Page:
A delegation of International Enterprise Singapore Business Department, led by the director of the Southeast Asia Group, Tan Soon Kin, held discussions with officials at the Ministry of Hotels and Tourism early this month, said Eleven News.

Singapore is now the biggest foreign investor in Burma’s hotel and tourism industry, with the Sedona Hotel and Park Royal Hotel in Rangoon and the Sedona Hotel in Mandalay.

Other major foreign investors in the country's hotel and tourism industry come from Thailand, Japan, Hong Kong, Malaysia and Britain. The United States and other countries have recently expressed strong interest in the sector.

Currently, high-end rooms in Rangoon are normally filled. Burma has a total of nine government-owned hotels and 678 private hotels, and 11 hotel zones in regions where tourists visit frequently. Prices have risen sharply from around US$ 50 to up to $300 for luxury rooms. Recently, there were reports the government had ordered hotels to charge less for top room rates.

Last, year, the largest number of tourists came from Thailand, followed by China. French, German and British accounted for the highest number of Western tourists in Burma.

Mizzima reported in January that Europeans accounted for 65,367 travellers, led by France with 13,102 visitors, Germany with 10,932, and Britain 7,195.

“Arrival numbers are increasing 20 per cent to 30 per cent every year”, said Lynn Zaw Wai Mang, general manager of Unique Asia Travel in Rangoon. “It means we need to build more hotels, expand airlines and develop our infrastructure so we can offer a better level of service to visitors.”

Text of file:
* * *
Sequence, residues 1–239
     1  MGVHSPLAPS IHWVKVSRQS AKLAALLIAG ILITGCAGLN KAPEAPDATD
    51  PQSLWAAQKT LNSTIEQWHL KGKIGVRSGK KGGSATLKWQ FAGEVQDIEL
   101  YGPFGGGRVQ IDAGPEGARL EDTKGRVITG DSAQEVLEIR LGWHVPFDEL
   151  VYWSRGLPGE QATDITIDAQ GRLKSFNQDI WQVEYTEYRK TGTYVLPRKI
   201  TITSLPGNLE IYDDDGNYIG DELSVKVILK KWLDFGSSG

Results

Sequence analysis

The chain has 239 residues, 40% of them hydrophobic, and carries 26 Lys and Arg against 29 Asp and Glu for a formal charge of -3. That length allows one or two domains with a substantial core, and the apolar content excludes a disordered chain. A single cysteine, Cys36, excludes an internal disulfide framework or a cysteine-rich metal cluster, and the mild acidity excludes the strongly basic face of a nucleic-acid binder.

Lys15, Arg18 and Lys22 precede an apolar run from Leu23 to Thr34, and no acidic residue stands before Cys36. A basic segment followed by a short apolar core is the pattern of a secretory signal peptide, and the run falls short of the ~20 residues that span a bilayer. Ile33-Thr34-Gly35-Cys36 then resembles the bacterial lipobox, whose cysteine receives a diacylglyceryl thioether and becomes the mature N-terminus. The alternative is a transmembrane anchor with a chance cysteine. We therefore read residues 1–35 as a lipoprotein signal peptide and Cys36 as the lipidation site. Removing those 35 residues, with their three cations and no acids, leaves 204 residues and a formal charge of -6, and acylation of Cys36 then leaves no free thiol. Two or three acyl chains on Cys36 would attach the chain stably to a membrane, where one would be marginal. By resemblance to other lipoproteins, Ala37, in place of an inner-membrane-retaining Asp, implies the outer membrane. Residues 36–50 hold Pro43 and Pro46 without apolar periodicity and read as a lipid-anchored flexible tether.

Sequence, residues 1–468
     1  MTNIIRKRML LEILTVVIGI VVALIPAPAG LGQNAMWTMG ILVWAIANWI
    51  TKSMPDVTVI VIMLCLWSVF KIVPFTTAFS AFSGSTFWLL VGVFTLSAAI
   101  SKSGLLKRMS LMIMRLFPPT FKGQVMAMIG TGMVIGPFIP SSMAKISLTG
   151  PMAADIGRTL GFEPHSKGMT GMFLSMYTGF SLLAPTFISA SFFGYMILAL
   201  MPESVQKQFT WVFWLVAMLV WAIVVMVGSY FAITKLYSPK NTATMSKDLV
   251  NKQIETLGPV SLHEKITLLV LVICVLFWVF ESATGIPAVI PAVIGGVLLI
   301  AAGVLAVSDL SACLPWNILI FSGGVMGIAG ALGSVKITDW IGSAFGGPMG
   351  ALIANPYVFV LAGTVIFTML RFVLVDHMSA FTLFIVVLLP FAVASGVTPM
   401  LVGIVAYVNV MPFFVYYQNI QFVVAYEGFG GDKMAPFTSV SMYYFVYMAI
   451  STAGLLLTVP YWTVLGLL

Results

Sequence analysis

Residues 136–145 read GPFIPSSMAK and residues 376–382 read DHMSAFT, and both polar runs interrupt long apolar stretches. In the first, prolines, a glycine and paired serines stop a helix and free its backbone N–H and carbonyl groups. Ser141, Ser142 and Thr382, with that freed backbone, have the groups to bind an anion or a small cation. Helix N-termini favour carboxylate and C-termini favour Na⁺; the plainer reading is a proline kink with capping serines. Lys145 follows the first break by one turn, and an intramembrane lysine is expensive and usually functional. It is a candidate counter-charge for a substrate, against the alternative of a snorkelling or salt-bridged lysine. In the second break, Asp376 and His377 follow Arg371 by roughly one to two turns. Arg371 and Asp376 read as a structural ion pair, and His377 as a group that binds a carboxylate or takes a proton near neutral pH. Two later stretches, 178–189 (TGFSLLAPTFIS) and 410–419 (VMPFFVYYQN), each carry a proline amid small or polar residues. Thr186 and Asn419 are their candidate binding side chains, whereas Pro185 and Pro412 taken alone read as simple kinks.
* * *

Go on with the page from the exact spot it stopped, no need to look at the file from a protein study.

While the numbers are good, tourism industry spokesmen are citing potential problems down the road and calling for the newly elected government to undertake rapid infrastructure changes.

An article in the Myanmar Times in January cited concerns about the country’s lack of hotels and transport capacity, poor infrastructure, high prices and inefficient booking systems.

“The Myanmar tourism industry is now at a point where we need to become more professional,” said Edwin Briels, general manager of Exploration Travel and Tour.

In June, Mizzima reported that four historical state-owned buildings in Rangoon were on the real estate market to be used as possible hotels to help boost Rangoon’s room shortage.

The former office of the Immigration and Manpower Department (next to Rangoon City Hall) has undergone major renovation. Private construction companies are renovating many old government office buildings in Rangoon, mostly built during the British colonial era.
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The politics of Burma’s economic reform: report

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Monday, 30 July 2012 13:23 International Crisis Group